Ladies Warning (Sign posted at entrance to Dilwara Temple complex)

 

We had to surrender our phones and cameras at the entrance, so you’ll just have to take my word for it. Go to the airport, take the next flight to India, and see these temples. There’s no other way for you to understand the impact of temple after temple of marble pillars and domes, their sedate exteriors hiding spectacular halls covered with exquisitely carved figures of Hindu deities, history, stories, elephants, horses, animals, and more. Thousands of artisans spent their lifetimes carving uncountable marble sculptures, while literally tons of gold, silver, and other metals went into ornamenting the main deities.

Jainism is an ancient Indian religion which follows the spiritual teachings of saints known as Thirthankaras, from Rishabhanatha who was believed to have lived from millions of years ago until the twenty-fourth Tirthankara, Mahavira, about 500BCE. Jains’ religion advocates non-violence against all creatures, and a path of ethical and spiritual improvement across lifetimes of rebirth.  [Image credit: no cameras were allowed inside the temples, so this image comes from a painting in the public domain, Interior of the Neminath Temple, Dilwara, Mount Abu by William Carpenter, created: 1850s]

After hours spent exploring the temples, we were starving. Jaya spotted a temple-affiliated Jain restaurant nearby, so we headed there for lunch. The dim interior was almost bare, with long tables on a beautiful marble floor. We sat at narrow tables with chairs on one side, while a never-ending parade of young men ladled our plates with simply-prepared rice, veggies, curd, dal baati (a Rajasthan specialty—balls of dough deep-fried in ghee and served with dal), chapatis, and more. They seemed disappointed in us when we pushed away from the table and staggered for the doors.

We didn’t actually experience this, so I can’t say whether rotating actually blended the pleasure…

By now, Mount Abu was packed with holiday visitors. But we’d been told that the incredible sunset from the eponymously-named Sunset Point was not to be missed so we headed out again. At the base of the walk, we were met by a crowd of vendors, skinny men with dozens of bright blue pushcarts, offering to push us up the “very steep hill, Madam, very hard climb” distance to the top, brightly decorated horses for adventurous sunset viewers, and crowds of tourists like us. The only hard thing about the climb turned out to be avoiding the racing blue carts, trotting horses, and er… surprisingly large amounts of what the horses left behind.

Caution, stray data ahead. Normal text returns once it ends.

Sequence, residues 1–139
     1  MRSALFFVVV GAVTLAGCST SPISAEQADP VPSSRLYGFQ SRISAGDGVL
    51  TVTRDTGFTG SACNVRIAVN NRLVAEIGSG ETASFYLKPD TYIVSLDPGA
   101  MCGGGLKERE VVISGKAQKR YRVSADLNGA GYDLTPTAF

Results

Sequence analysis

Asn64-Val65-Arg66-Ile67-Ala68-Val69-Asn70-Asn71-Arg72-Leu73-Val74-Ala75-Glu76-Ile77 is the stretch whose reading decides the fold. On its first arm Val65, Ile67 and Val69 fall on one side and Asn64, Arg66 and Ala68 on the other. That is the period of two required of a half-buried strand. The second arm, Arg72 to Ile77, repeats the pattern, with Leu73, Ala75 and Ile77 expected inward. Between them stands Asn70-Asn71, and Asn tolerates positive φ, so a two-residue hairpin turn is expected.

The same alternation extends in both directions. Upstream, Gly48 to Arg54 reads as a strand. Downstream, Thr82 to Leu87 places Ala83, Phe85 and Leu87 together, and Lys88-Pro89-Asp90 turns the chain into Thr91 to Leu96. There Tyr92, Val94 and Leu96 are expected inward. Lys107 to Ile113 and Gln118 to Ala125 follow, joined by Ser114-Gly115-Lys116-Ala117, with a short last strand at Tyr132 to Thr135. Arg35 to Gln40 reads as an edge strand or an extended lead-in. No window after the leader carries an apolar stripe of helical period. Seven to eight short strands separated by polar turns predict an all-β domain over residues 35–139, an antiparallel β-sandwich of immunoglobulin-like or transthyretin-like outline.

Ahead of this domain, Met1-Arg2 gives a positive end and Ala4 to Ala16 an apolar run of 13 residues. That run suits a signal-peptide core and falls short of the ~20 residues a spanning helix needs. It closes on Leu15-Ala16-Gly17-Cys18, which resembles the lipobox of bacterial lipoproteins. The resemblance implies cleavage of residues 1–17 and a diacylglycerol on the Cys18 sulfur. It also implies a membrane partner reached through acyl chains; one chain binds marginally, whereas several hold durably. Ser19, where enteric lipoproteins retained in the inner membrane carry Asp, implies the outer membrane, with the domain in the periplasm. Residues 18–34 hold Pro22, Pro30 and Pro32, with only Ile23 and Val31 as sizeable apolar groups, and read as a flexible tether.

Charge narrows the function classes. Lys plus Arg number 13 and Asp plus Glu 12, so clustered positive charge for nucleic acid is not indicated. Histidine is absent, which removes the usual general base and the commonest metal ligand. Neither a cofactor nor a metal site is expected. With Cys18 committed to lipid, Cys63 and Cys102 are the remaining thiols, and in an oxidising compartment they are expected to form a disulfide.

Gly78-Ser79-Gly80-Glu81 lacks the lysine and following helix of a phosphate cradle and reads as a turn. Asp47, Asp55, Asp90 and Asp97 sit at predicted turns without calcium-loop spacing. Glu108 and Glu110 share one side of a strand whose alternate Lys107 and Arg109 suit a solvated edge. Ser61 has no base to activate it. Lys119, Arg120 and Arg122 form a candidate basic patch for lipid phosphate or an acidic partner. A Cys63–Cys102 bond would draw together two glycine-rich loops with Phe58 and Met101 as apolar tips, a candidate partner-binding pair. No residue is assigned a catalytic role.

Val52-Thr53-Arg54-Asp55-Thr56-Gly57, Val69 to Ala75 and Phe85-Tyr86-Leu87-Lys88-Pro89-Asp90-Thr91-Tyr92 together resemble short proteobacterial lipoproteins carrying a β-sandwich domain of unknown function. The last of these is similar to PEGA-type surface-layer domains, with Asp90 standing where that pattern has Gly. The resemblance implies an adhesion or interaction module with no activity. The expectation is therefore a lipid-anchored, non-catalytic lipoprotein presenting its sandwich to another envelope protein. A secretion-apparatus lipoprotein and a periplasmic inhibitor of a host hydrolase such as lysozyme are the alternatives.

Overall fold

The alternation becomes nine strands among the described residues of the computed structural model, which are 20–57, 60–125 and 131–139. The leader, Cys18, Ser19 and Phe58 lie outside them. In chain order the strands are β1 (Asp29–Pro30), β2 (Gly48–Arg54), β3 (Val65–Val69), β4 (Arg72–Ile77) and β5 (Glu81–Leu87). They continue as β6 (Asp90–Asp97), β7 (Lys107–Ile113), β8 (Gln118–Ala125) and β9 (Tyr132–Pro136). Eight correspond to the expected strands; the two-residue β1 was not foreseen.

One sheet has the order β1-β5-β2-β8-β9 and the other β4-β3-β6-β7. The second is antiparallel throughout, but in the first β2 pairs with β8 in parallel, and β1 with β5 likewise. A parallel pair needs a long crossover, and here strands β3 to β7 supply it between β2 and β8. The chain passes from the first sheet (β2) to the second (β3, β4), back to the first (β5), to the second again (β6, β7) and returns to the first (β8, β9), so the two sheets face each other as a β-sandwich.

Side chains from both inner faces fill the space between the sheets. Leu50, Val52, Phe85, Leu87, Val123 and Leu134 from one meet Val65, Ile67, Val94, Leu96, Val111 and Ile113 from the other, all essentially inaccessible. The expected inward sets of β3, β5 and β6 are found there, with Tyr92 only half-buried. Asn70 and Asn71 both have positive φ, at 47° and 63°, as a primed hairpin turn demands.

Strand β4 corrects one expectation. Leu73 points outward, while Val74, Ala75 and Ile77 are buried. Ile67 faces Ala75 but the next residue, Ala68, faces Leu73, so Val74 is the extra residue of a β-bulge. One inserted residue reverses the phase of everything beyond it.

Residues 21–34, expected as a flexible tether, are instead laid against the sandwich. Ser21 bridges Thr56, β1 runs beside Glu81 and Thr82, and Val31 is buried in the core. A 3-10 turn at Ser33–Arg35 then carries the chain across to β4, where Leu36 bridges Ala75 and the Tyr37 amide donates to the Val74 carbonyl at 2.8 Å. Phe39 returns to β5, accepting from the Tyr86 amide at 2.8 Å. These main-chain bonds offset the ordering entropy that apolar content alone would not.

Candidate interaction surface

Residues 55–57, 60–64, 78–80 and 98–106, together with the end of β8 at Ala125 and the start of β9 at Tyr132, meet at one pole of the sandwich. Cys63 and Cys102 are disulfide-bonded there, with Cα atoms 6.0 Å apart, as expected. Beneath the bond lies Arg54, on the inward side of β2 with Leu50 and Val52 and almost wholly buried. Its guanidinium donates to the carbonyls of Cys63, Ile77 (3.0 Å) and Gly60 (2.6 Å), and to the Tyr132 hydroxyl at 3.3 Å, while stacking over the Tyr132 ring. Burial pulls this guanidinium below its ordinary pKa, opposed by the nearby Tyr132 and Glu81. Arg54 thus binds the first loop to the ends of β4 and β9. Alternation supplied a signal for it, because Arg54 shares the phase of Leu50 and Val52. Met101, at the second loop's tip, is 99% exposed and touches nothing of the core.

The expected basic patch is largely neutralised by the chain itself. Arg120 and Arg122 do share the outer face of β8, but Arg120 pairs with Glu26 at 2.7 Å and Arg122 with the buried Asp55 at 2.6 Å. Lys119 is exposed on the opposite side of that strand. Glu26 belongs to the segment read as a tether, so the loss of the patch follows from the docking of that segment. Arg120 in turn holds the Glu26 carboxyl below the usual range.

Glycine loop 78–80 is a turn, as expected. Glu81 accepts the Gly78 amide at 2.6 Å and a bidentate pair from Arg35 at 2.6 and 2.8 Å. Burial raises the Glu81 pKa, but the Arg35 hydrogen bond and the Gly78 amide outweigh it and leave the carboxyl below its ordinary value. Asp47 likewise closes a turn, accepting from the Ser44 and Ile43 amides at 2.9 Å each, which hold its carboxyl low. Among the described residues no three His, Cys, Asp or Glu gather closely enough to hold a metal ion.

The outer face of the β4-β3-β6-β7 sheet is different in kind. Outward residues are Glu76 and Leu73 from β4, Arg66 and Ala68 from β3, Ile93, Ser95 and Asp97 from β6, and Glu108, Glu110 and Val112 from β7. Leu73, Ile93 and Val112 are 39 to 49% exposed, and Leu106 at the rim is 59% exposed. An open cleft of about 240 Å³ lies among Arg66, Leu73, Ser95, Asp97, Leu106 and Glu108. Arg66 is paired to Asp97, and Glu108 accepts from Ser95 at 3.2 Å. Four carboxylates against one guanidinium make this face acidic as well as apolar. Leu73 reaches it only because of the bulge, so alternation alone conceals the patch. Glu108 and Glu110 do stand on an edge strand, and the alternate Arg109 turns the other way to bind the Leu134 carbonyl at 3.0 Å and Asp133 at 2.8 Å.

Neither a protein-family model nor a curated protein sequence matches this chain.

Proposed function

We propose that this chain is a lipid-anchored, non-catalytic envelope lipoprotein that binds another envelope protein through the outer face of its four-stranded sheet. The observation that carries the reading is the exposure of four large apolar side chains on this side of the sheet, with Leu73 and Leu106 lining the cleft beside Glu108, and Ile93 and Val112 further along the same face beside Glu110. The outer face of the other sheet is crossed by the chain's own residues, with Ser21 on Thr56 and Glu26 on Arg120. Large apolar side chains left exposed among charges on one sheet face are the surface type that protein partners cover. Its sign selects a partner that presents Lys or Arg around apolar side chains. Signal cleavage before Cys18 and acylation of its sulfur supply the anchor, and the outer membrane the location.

American sweet corn anyone?

Or Indian buttermilk (stirred with her secret ingredient, water from her special well)?

Corn was bought and consumed, the path to the top viewing area was safely negotiated, and the sun set duly on schedule.

We returned to the hotel, serenaded by Mount Abu celebrating Republic Day. As we finally went to sleep in our beautiful suite, Janine and I congratulated ourselves again on our lucky rodent-upgrade. Jaya said nothing, but maybe she was already asleep?

Next day we said goodbye to Mount Abu and headed for Patan and our new hotel. That’s when Jaya couldn’t hold back and started her confession. Our old hotel, she told us, claimed they never found the rodent that had terrified me in our old room.

There was a reason for that.

Minutes after we moved to the new suite, Jaya saw the rodent in the little attached dressing room. They regarded each other. Jaya thought about my rodent-hysteria and the fact that we were in a sold-out tourist town on a holiday weekend. We’re not sure what the rodent thought about, but apparently the two of them arrived at a mutual non-aggression pact of silence.

Jaya came out and told us the dressing room door should be kept closed to conserve heat in the main rooms. The remaining two days of our stay, she worried every time one of us went into the bathroom/dressing room area. Luckily, the rodent remained discreet and we never knew it was there.

“Do you remember when you asked what I wished at the wishing bell?” Jaya reminded me. “I wished you wouldn’t see that rat.”

Well, I’m feeling fine and we didn’t see the rat. Clearly, that wishing bell is the real deal.

Well, what would you wish for?